Liquid-liquid phase separation is increasingly recognised as a key mechanism to regulate gene expression in living cells by controlling the accessibility of genetic material and its co-localisation with transcription machinery. Although mechanisms that trigger phase separation in biological cells are not fully understood, a similar control of transcriptional activation could be recapitulated in hybrid cells, engineered from the bottom-up by combining biological and man-made components. Programming the condensation of genetic material (DNA) and its co-localisation with cellular machinery is a particularly promising approach to regulate transcription. DNA aggregation can be induced by well-understood canonical and non-canonical secondary structures, and its occurrence can thus be controlled by a variety of physical stimuli, including temperature, crowding agents and exposure to certain ions. Herein, we propose to generate a hybrid cell system that can be transcriptionally activated by triggering nucleic-acid phase separation, offering an orthogonal solution to current methods that fully rely on small-molecule treatment (e.g. IPTG) and cannot be controlled easily by physical means. Besides offering an alternative method to regulate gene-expression in artificial cells, this project will yield insights on the fundamental physical processes that might be responsible of gene-regulation via liquid-liquid phase separation in living cells.

 

DNA-nanotechnology tools for synthetic cell mimics

Dr Lorenzo Di Michele

UK/EU students only, available from 1 October 2019

Bottom-up synthetic biology aims at constructing artificial cells, micron-scale entities that replicate typical functionalities of biological cells, such as regulated metabolism, communication and adaptation to their environment. Artificial cells offer vast applicability as biosensing systems and nanomedical devices, while helping researchers to unravel the molecular mechanisms underlying biological complexity in a simplified setting. These microreactors are often constructed from a semi-permeable compartment playing the role of the cell membrane, supporting or encapsulating various active elements that enable sensing, communication and information processing.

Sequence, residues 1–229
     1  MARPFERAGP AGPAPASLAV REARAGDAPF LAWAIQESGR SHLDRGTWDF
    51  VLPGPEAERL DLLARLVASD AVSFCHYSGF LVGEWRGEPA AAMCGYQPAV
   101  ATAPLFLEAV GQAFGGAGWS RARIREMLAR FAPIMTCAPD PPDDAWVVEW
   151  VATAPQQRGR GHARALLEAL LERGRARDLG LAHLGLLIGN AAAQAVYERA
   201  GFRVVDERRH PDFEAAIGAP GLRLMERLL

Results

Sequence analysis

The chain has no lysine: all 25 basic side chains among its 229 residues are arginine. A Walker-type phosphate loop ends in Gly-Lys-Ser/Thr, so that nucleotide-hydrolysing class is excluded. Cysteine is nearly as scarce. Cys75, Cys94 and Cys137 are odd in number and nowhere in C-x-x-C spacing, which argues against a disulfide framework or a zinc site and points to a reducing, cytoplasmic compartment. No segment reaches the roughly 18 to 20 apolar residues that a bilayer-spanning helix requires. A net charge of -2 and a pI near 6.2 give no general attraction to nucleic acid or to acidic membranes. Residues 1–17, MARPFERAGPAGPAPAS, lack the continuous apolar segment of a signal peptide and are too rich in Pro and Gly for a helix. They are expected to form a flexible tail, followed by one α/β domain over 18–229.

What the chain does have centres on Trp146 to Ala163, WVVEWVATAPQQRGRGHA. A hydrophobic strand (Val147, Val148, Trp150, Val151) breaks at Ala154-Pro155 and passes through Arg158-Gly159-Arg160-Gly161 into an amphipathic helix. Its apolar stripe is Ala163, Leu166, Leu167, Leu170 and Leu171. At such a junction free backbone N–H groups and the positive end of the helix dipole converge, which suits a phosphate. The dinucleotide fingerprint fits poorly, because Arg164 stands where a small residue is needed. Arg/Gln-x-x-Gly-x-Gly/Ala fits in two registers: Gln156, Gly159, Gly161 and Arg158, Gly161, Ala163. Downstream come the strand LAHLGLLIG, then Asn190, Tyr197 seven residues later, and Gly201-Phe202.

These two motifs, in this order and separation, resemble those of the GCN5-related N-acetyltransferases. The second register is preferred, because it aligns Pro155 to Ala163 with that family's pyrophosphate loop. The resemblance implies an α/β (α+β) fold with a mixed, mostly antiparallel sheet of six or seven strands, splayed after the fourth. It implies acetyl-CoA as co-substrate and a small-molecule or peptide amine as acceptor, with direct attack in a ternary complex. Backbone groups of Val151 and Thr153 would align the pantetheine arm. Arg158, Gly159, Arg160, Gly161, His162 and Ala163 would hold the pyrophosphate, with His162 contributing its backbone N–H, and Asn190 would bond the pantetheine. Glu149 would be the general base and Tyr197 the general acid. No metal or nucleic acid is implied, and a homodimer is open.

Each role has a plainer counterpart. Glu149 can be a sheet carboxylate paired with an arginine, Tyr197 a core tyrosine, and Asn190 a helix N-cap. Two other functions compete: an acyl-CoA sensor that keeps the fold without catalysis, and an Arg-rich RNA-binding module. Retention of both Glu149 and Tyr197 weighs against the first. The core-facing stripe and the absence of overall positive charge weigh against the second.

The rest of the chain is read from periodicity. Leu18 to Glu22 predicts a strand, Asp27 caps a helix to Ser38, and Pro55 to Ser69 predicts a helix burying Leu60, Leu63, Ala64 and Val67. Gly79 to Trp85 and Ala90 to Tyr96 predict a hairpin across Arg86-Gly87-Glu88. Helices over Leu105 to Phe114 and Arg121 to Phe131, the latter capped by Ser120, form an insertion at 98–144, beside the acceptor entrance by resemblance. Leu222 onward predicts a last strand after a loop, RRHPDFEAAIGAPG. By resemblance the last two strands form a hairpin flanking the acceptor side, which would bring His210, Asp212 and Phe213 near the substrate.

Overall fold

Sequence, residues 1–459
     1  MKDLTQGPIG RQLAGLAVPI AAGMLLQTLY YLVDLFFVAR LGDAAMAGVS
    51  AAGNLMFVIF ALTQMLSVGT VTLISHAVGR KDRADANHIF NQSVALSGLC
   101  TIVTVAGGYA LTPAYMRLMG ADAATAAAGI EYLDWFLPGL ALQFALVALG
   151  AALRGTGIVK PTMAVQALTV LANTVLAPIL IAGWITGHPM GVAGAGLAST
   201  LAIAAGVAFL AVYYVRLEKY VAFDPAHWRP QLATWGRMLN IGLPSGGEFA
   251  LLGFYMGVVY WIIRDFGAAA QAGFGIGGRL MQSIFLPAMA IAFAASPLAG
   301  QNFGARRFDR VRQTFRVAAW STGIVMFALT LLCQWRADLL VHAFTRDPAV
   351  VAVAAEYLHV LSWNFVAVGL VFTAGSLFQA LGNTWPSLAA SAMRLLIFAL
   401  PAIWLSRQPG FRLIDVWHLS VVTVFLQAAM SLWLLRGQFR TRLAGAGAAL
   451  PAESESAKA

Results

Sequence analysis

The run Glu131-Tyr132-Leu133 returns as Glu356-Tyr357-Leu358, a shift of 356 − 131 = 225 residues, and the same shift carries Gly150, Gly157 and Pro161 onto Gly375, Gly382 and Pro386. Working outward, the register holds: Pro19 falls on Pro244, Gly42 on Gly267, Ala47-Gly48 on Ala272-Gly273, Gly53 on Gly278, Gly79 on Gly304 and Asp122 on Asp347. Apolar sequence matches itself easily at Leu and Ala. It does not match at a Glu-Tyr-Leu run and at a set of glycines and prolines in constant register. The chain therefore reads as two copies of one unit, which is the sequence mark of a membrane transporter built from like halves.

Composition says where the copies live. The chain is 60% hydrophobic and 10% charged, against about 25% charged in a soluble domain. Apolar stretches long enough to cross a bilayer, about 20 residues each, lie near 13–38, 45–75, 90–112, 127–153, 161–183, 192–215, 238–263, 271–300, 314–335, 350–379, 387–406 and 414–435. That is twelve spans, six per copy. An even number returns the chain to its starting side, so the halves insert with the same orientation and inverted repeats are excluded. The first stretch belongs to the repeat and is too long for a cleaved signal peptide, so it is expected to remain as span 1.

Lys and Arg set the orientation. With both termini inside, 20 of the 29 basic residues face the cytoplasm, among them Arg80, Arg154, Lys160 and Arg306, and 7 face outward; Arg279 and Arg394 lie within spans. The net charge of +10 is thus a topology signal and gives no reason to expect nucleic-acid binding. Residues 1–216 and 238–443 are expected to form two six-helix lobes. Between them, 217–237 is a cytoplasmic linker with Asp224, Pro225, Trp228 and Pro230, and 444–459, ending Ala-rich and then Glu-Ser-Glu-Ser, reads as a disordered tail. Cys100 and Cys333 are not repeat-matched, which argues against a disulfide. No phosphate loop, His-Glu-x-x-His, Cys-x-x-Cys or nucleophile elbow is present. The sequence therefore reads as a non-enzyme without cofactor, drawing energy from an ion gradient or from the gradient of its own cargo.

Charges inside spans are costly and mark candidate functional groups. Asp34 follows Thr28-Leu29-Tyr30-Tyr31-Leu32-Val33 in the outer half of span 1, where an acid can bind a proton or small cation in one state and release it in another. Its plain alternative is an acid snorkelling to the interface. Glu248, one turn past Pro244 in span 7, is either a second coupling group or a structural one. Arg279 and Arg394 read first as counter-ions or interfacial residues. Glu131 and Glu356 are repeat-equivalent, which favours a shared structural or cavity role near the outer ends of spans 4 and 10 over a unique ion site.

DNA nanotechnology enables exquisite control over the structure and dynamic response of nanoscale objects constructed from synthetic DNA molecules, making it ideal for the production of nanomachines and structural elements that mimic biological ones, and can thus be applied in the context of artificial-cell research.

This PhD project aims a developing new DNA-nanotech tools that can enhance the capabilities of artificial cells. These include synthetic membrane receptors for sensing environmental cues, signalling and communication protocols to implement collective behaviours in artificial-cell consortia, and responsive structural elements that mimic the cytoskeleton and can alter the morphological and structural features of the artificial cells.

The student will design responsive DNA nanosystems (aided by computer tools), assemble and characterise them in the lab, and finally integrate them with synthetic cellular mimics. Depending on the student’s interests and skillset, experiments may be complemented by theoretical analysis and coarse-grained computer simulations.